Plaintiff's motion for a directed verdict against Moulton-Niguel and Boyle on the issue of liability was granted, and the jury returned a verdict, limited to the issue of damages of $312,875.23, after deduction of workmen's compensation benefits paid. Defendants' motion for a new trial was granted, limited to the issue of damages, unless plaintiff consented to a remittitur of $75,000; plaintiff so consented, and judgment for the sum of $237,875.23 was entered.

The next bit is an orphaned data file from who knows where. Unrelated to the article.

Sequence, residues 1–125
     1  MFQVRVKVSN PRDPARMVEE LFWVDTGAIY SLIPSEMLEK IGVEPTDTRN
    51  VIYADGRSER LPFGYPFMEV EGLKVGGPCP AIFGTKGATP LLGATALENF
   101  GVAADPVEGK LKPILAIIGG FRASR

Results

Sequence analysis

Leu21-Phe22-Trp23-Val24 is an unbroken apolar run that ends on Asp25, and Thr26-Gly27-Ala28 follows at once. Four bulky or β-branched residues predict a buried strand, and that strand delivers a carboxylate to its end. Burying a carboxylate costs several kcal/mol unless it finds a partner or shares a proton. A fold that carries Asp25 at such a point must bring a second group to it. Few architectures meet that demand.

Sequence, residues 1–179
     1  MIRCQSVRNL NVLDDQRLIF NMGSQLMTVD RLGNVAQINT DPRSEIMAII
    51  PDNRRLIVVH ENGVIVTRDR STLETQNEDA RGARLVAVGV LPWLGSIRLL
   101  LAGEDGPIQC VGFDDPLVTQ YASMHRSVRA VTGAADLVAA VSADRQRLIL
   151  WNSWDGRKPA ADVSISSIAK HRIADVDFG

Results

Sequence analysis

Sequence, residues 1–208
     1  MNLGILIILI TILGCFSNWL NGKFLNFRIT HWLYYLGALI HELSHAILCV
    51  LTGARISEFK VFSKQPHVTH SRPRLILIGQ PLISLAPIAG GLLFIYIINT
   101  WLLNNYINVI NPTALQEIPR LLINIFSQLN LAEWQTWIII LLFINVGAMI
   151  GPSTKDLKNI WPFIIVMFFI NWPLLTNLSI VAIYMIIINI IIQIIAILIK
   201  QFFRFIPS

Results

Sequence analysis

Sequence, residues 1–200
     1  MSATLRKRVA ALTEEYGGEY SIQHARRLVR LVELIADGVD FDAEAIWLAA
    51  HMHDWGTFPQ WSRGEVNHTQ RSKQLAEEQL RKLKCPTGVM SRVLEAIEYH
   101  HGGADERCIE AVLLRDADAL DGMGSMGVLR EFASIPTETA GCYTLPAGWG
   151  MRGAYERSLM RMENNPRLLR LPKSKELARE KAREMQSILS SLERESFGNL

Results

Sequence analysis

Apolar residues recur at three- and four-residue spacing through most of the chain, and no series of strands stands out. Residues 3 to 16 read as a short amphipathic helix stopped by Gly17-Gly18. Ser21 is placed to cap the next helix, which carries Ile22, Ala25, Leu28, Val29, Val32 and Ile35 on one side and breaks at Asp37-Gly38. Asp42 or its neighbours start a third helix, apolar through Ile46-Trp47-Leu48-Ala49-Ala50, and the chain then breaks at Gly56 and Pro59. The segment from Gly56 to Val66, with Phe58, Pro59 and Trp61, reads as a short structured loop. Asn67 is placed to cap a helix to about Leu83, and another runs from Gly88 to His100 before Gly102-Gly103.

Plaintiff's motion for a directed verdict against Moulton-Niguel and Boyle on the issue of liability was based on several theories. Plaintiff contended that under the terms of the contract between American Bridge and the defendants, an agency relationship was created, as a matter of law, in which American Bridge was the agent of the defendants for the purpose of constructing the water tank in which plaintiff was injured. Accordingly, Moulton-Niguel and Boyle would incur liability for the stipulated negligence of their agent. Plaintiff further argued Moulton-Niguel and Boyle were his statutory employers (Lab. Code, § 6304), and violated their duties to provide a safe place of employment. (Lab. Code, § 6400 et seq.) Finally, plaintiff contended, even if an agency relation were not shown, Moulton-Niguel and Boyle bore the nondelegable duty to provide a safe place to work. (See Van Arsdale v. Hollinger, 68 Cal. 2d 245 [66 Cal.Rptr. (20, 437 P.2d 508]; Rest. 2d Torts, §§ 413, 416.) Although the trial judge apparently based his grant of plaintiff's motion for a directed verdict on the existence of an agency relationship between Moulton-Niguel and Boyle, and American Bridge, neither party requested specific findings, and the court made none. Accordingly, if the directed verdict on the issue of liability may be sustained upon any theory of the law applicable to the case, it must be sustained regardless of the considerations which may have moved the trial court to its conclusion. (Davey v. Southern Pacific Co., 116 Cal. 325, 329 [48 P. 117]; Snider v. Snider, 200 Cal. App. 2d 741, 756 [19 Cal. Rptr. 709]; 3 Witkin, Cal. Procedure (1954) § 76, p. 2234.) "It is judicial action and not judicial reasoning which is the subject of [21 Cal. App. 3d 934] review." (El Centro Grain Co. v. Bank of Italy, etc., 123 Cal. App. 564, 567 [11 P.2d 650].)